The Age of Sabots in 15th Century Netherlands

pair of clogs by marie hathaway

In terms of cleaning up an old house and making it livable at the same time, I’ve so far mentioned items either directly useful, like chairs to sit in, or ritualistically useful, like a historical tea set. But other found objects fit less obviously into the spheres of use. In fact, with the advances in footwear design over the past centuries, some might consider the pair of old wooden clogs that we have sitting atop an unused fireplace to be a positive hindrance.

In French-speaking countries, they call them sabots. My Dad, whose side of the family tree leans heavily on the French branches, explains that the word sabotage came from French workers throwing their sabots into the gears of new industrial machines to prevent the machines from putting them out of work. Having explained it as such, my Dad concedes that he doesn’t know how accurate that origin is; it could just as likely stem from a Japanese word and associated practice.

But enamored of the idea and its depiction – a wooden clog “clogging up” the gears of a great machine – I continued to share the hearsay origin story with whomever I showed the sabots to, without attempting to verify it with “facts.” In this way, the pair of black-painted sabots proved its value in a realm beyond utilitarian and ritualistic – that of a solid, bonafide conversation piece.

And so it went… for nothing gets the recollection or the imagination going like the image of an honest worker using his (the particular ones on our fireplace likely belonged to a man) special, one-of-a-kind wooden shoe to stop a machine designed explicitly to use up vast amounts of natural resources in order to create a mass of copies (of whatever) that will ultimately make money for someone else and make the worker go hungry. The image creates a springboard among the conversationalists for ideas, associations, dreams, stories, and actions.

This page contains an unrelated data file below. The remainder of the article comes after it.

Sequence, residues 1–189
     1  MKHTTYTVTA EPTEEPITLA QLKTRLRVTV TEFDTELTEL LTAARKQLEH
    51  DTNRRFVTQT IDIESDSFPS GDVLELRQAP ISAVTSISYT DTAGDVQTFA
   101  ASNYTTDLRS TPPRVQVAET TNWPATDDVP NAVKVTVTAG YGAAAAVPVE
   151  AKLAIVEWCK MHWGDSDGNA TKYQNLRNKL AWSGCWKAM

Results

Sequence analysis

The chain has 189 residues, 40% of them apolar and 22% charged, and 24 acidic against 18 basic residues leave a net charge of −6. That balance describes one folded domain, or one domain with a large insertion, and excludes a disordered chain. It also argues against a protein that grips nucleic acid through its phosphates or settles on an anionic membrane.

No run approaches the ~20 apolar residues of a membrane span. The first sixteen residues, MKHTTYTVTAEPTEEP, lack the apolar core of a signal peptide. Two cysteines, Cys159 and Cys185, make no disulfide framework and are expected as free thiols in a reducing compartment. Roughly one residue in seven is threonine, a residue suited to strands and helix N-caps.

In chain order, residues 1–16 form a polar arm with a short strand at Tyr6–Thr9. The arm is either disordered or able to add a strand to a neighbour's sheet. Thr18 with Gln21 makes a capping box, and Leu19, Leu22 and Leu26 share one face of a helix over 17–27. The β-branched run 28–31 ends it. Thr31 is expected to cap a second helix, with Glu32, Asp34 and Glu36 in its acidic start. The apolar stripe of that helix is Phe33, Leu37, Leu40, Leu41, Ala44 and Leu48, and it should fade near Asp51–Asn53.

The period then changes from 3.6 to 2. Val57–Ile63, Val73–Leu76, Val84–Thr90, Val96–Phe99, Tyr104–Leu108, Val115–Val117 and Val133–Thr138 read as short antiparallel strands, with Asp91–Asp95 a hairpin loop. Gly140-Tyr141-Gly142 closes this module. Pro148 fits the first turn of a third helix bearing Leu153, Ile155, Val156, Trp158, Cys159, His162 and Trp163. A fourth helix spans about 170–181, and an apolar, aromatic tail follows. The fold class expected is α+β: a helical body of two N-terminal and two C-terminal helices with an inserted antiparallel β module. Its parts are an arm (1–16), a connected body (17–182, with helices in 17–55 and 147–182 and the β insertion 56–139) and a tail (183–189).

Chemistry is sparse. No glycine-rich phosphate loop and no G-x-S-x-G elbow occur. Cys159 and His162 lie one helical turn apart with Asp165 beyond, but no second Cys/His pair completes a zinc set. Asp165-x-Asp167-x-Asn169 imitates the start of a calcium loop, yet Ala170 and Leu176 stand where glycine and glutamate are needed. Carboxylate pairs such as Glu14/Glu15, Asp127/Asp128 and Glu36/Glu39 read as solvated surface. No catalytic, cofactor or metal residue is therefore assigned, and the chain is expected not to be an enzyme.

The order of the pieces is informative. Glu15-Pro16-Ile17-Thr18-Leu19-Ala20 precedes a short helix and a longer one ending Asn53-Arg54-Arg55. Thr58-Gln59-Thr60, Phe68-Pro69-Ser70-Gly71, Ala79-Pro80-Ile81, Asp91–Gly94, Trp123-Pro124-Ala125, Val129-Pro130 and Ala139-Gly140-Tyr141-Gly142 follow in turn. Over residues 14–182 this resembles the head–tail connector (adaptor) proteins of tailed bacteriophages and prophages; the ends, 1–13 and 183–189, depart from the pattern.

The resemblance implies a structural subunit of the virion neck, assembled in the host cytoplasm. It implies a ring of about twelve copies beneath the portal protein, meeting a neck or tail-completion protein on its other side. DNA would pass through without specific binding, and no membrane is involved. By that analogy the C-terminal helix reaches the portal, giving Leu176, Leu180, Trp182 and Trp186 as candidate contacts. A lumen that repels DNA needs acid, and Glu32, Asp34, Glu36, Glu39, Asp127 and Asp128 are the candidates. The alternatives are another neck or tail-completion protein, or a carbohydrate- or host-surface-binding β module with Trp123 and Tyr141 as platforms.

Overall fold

I finally had to look up the etymology of sabotage, before writing this. Merriam-Webster does seem to confirm our story with regards to the origin of the word: “French, from saboter to clatter with sabots, botch, sabotage, from sabot; First Known Use: 1910.”

Likewise, Wikipedia has information similarly obscure as my Dad’s, listing three different “claimed explanations.” One of these explanations, however, is quite similar to ours, although it occurs much earlier, in the Netherlands (now Belgium) in the fifteenth century. The story records how workers threw sabots into the wooden gears of textile looms to break the cogs in order to maintain their trade. This story sets my mind racing.

When I think about the Late Middle Ages, at least lately, I think of the millennial groups that proliferated at the time. Therefore, when I imagine a worker fed up with the exploitation of nature and of him or herself, I imagine that person abandoning work to join The Pursuit of the Millennium, as Norman Cohn calls it in his book of the same name.